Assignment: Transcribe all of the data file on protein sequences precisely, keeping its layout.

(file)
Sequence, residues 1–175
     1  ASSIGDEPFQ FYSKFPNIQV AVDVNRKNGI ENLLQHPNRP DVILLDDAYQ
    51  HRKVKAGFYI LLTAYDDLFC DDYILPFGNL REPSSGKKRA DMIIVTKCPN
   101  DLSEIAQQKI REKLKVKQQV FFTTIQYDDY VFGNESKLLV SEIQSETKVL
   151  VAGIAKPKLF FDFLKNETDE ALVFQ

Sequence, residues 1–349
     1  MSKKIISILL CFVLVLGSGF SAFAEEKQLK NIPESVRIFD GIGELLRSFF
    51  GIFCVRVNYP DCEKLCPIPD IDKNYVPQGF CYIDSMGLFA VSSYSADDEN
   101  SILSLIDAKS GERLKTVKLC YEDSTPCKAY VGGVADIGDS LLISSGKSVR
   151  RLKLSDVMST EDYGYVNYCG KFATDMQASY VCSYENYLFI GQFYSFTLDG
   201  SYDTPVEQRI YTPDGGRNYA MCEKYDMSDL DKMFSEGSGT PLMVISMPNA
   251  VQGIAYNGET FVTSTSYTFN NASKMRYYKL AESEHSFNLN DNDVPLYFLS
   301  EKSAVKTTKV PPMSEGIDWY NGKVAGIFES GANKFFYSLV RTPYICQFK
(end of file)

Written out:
Sequence, residues 1–175
     1  ASSIGDEPFQ FYSKFPNIQV AVDVNRKNGI ENLLQHPNRP DVILLDDAYQ
    51  HRKVKAGFYI LLTAYDDLFC DDYILPFGNL REPSSGKKRA DMIIVTKCPN
   101  DLSEIAQQKI REKLKVKQQV FFTTIQYDDY VFGNESKLLV SEIQSETKVL
   151  VAGIAKPKLF FDFLKNETDE ALVFQ

Sequence, residues 1–349
     1  MSKKIISILL CFVLVLGSGF SAFAEEKQLK NIPESVRIFD GIGELLRSFF
    51  GIFCVRVNYP DCEKLCPIPD IDKNYVPQGF CYIDSMGLFA VSSYSADDEN
   101  SILSLIDAKS GERLKTVKLC YEDSTPCKAY VGGVADIGDS LLISSGKSVR
   151  RLKLSDVMST EDYGYVNYCG KFATDMQASY VCSYENYLFI GQFYSFTLDG
   201  SYDTPVEQRI YTPDGGRNYA MCEKYDMSDL DKMFSEGSGT PLMVISMPNA
   251  VQGIAYNGET FVTSTSYTFN NASKMRYYKL AESEHSFNLN DNDVPLYFLS
   301  EKSAVKTTKV PPMSEGIDWY NGKVAGIFES GANKFFYSLV RTPYICQFK